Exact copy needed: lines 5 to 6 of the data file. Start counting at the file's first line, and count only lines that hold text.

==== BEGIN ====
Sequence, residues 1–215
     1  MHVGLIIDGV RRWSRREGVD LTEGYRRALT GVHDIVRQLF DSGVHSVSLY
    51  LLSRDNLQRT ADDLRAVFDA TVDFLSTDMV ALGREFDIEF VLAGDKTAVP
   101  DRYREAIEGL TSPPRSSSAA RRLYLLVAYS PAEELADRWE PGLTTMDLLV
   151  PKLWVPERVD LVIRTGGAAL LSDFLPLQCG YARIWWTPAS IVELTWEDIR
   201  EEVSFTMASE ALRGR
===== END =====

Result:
   151  PKLWVPERVD LVIRTGGAAL LSDFLPLQCG YARIWWTPAS IVELTWEDIR
   201  EEVSFTMASE ALRGR